BrewersTT
4/10
Cool, I like the partial-basepath notation idea a lot. Thanks.
stydings
4/09
I go with the * next to especially good defensive plays and a little mark on hits to the OF to designate where the ball went.
lgranillo
4/09
Stars and comments are routinely included for me too. I've tried the trajectory lines, but it never caught on with me.
BrewersTT
4/10
I do the star too. I designate where the hits went by entering 17 or 29, for example, rather than 1B or 2B.
CeeAngi
4/09
I'm on the "F7" for Fly-Out bandwagon. I also use "FO7" if it's a Foul Out. In regards to substitutions, I enter their name onto the line, then I put two numbers: the position they've subbed for, and what inning they came into the game. If they came in at the top of the inning, I shade a triangle in the upper right corner. If they came in during the bottom of the inning, I shade a triangle in the lower left corner of the box. (For instance if you someone was substituted for the right fielder in the top of the 3rd, it would say Smith 9/3, with a shaded triangle in the upper right).I put a PH or PR on the line below their name on the scorecard to denote if they were a Pinch Hitter or Pinch Runner.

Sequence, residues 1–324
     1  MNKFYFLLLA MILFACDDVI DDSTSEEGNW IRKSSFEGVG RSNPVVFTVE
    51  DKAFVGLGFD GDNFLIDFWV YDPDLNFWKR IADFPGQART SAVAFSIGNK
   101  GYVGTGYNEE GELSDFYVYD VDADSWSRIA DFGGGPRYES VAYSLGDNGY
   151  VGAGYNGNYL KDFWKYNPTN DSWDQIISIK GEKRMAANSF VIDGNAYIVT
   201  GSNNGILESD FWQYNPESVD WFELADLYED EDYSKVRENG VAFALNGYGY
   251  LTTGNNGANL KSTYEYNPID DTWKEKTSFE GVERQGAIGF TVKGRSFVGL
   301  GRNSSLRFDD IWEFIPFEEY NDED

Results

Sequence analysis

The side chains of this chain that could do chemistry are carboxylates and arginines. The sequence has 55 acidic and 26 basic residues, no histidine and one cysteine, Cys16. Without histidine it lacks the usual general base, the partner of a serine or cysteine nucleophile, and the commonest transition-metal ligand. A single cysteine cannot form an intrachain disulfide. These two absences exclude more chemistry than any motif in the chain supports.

bdoolittle
4/09
I'll throw in yet another wrinkle: I use "7F" for a fly out to left, "7Ff" for a foul out to left and "2Pb" for a foul bunt out to catcher, among other things. This season, I've thought about starting to use "FL" for a fleener, but haven't remembered to do it in any of the three games I've attended. I underline the player if he makes a notably good defensive play and if on a groundball, the fielder makes a good play and the first baseman a nice pick, I underline them both. I doublescore great plays, but only use that about five times a season. I love keeping score.
lgranillo
4/09